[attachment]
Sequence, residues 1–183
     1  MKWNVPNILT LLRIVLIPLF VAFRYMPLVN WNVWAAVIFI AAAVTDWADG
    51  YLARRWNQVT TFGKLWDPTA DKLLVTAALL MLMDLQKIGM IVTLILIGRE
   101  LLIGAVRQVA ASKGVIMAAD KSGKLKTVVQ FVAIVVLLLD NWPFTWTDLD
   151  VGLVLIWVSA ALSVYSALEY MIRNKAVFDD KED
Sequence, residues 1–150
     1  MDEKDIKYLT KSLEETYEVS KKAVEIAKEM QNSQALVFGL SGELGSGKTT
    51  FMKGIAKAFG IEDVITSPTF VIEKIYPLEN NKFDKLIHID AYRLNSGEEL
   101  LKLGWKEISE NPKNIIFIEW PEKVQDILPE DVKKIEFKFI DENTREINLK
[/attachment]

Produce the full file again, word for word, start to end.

Sequence, residues 1–183
     1  MKWNVPNILT LLRIVLIPLF VAFRYMPLVN WNVWAAVIFI AAAVTDWADG
    51  YLARRWNQVT TFGKLWDPTA DKLLVTAALL MLMDLQKIGM IVTLILIGRE
   101  LLIGAVRQVA ASKGVIMAAD KSGKLKTVVQ FVAIVVLLLD NWPFTWTDLD
   151  VGLVLIWVSA ALSVYSALEY MIRNKAVFDD KED
Sequence, residues 1–150
     1  MDEKDIKYLT KSLEETYEVS KKAVEIAKEM QNSQALVFGL SGELGSGKTT
    51  FMKGIAKAFG IEDVITSPTF VIEKIYPLEN NKFDKLIHID AYRLNSGEEL
   101  LKLGWKEISE NPKNIIFIEW PEKVQDILPE DVKKIEFKFI DENTREINLK